The largely-static cranes at Gwadar port may start functioning again as the impasse on port operations is expected to be resolved very soon.
Pakistan and Port of Singapore Authority (PSA) are negotiating to end their $750 million agreement to operate the deep sea port at Gwadar and sources say a final deal is expected shortly.
Former dictator Pervez Musharraf had handed over Gwadar operations to the PSA, a global port operator, under a concession agreement for 40 years.
The move annoyed Chinese leadership who thought of Gwadar as the gateway for their products to international markets.
Stalemate after stay order
The deal between the Gwadar Port Authority (GPA), on behalf of the government of Pakistan, and the Singapore giant ran into trouble mainly because of two reasons.
Firstly, the security situation in Balochistan hindered the PSA from investing the money it had promised in the agreement for the development of the port and off-shore infrastructure.
Secondly, the Supreme Court had issued a stay order against the allotment of Gwadar land to a foreign company, back in December 2010, on petitions filed by some individuals, including the Balochistan governor.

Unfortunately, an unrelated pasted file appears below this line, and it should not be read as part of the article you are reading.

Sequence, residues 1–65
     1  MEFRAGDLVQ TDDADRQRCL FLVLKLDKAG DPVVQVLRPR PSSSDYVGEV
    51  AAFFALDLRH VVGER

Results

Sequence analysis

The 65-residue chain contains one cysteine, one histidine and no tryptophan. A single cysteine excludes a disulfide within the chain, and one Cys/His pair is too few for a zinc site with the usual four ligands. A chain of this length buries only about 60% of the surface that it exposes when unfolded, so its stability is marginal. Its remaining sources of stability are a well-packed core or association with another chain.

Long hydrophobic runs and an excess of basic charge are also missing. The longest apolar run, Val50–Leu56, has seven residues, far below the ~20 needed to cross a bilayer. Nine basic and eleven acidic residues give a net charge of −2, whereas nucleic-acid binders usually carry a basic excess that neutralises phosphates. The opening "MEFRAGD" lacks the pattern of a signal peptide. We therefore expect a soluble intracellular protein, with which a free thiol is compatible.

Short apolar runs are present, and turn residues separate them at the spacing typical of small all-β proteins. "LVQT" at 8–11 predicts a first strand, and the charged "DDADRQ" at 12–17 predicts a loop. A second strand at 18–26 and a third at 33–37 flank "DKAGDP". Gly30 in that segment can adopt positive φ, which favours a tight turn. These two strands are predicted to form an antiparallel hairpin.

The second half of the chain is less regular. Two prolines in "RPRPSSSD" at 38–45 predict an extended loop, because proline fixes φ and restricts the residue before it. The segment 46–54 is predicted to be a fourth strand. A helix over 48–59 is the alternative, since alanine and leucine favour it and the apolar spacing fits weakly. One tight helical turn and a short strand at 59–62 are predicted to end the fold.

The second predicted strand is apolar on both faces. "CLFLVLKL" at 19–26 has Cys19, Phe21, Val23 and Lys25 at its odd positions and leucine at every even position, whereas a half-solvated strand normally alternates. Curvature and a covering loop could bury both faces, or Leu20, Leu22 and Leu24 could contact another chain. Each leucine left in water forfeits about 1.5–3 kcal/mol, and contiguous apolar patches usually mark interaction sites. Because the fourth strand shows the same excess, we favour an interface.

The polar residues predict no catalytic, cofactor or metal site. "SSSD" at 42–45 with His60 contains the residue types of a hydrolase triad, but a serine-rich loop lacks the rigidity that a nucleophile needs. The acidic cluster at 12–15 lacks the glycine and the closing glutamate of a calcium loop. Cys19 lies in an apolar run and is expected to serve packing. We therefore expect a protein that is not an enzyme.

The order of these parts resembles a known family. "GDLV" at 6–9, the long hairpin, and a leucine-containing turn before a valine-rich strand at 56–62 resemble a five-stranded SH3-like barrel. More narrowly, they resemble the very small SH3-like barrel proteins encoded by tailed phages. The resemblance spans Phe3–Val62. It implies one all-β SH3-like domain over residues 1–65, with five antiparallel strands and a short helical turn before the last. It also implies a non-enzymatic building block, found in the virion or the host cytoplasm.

Officials privy to the negotiations told The Express Tribune that the PSA was frustrated over the delay on the issue by the Supreme Court and had finally decided to give it up.
The apex court is yet to issue a verdict on the matter, despite the stay order being in place for more than a year and a half.
An official at GPA said the negotiations to scrap the deal have been going on for some time now but the announcement of the final outcome hinges on the decision by the Supreme Court.
Handing over to Beijing
A source close to the Pakistan Peoples Party (PPP) leadership said the future of Gwadar was on the agenda when President Asif Ali Zardari travelled to China recently and held bilateral meetings with top leaders in Beijing on the sidelines of a regional summit.
Chinese leaders, according to the source, had always been keen to take control of the port they built for their own interests.
Another source, who was part of a meeting to prepare the agenda for President Zardari’s visit to Beijing, said Islamabad was ready to hand over Gwadar to a Chinese company once the deal with PSA is scrapped.
A top official at the Ministry of Ports and Shipping said that Islamabad could not have ended the deal unilaterally because the agreement Musharraf signed with PSA was ‘heavily biased’ in favour of the Singapore giant.
PSA would have dragged Pakistan into international litigation and there might have been severe penalties for scrapping the deal, he said on condition of anonymity.
“That is why we were waiting for closing it with the mutual consent of both parties,” the official added.
Published in The Express Tribune, August 9th, 2012.